- Lincoln Center Elementary
Annual District Financial Audit Receives Clean Report
Wednesday, Dec. 16, 2020 — The 2019-2020 financial audit shows stability despite the changing circumstances surrounding the COVID-19 pandemic.“Our finance team and district leaders have done a fantastic job navigating the financial complications that came with the pandemic,” says Superintendent Dr. Dave Webb.
Finance Director, Aaron Bushberger says, “Overall we had some good news in the general fund. It was a challenging year, but we finished the 2019-20 year better than we had budgeted.” While this is positive financial news and provides a higher fund balance than was originally anticipated, the district will continue to face financial challenges moving forward. The district ended the 2019-20 year with a 11.6% fund balance, which is just below the policy target of 12%.
There are many factors that play into the change in budget, the biggest being the pandemic. One area that experienced significant change was the Food Service Fund. The original planned deficit was about $171,000, but actually came in slightly higher at a $203,000 deficit.
“The deficit is only slightly over, which in my opinion is actually good news considering the large shift we made to the food service program in March,” says Bushberger, “We began delivering meals on buses around the community and offering free lunches for our students.” Some of the food service financial burden was offset by funding from the USDA Summer Food Service Program. This program gave the school district the flexibility to serve seven meals each week to our families.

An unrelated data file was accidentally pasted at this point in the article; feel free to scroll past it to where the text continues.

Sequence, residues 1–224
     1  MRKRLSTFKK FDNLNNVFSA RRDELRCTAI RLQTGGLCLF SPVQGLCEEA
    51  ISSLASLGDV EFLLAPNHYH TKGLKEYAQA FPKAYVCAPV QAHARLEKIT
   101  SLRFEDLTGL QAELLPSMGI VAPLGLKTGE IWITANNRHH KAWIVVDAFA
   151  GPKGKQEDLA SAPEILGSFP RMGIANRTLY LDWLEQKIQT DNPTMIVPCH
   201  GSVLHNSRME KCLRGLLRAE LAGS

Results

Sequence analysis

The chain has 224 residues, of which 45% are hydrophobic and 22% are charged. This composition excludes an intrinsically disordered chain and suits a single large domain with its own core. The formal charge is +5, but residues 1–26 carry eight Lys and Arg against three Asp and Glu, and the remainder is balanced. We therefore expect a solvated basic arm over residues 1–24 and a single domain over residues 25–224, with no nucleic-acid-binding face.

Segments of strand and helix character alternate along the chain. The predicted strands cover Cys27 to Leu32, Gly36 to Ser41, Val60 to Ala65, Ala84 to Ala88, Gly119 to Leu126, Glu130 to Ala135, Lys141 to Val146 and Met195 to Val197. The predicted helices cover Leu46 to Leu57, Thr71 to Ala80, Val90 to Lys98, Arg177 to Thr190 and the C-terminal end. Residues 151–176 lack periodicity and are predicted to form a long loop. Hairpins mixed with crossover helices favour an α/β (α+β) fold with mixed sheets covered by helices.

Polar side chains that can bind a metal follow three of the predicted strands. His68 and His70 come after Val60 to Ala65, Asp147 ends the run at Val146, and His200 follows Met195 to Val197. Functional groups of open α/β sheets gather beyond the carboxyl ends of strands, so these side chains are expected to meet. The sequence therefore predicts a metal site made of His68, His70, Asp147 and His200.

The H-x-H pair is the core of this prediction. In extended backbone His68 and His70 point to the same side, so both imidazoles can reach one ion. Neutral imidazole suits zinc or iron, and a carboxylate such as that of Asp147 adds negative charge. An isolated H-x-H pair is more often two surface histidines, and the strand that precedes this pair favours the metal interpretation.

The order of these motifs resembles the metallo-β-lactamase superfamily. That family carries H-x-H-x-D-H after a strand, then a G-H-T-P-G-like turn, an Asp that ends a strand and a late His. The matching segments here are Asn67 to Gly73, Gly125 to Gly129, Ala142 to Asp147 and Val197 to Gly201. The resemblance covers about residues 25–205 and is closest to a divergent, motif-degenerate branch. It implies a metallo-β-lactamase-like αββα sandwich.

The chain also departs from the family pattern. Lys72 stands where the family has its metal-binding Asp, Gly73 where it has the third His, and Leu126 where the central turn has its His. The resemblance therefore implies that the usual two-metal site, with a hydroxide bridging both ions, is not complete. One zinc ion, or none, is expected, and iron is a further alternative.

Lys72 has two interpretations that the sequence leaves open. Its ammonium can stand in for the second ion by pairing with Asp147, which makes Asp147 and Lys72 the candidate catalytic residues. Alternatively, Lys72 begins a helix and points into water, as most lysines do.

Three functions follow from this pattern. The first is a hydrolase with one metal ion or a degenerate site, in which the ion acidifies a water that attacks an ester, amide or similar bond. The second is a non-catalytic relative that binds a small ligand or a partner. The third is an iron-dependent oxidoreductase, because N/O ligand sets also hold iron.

Other areas of note are the Self Insurance Funds and Community Education Funds. Of the Self Insurance funds, Bushberger says, “We were trending in the right direction all year. When the pandemic hit, it completely changed our medical and dental self insurance costs. Overall we saw less costs over the course of April, May, and June which had a positive impact.”
When it comes to the Community Education Fund, it’s important to note the district did allocate money from the general fund to offset some of the revenue lost when the pandemic hit. Bushberger says, “The program couldn’t offer their typical programming that usually brings in revenue, including the Kids Choice before and after school care program.”
The District received an unmodified, or clean, report of basic financial statements from MMKR Certified Public Accountants. This independent auditing firm gives an outside opinion on the finances and issues their reports on internal controls and other state and federal compliances requirements.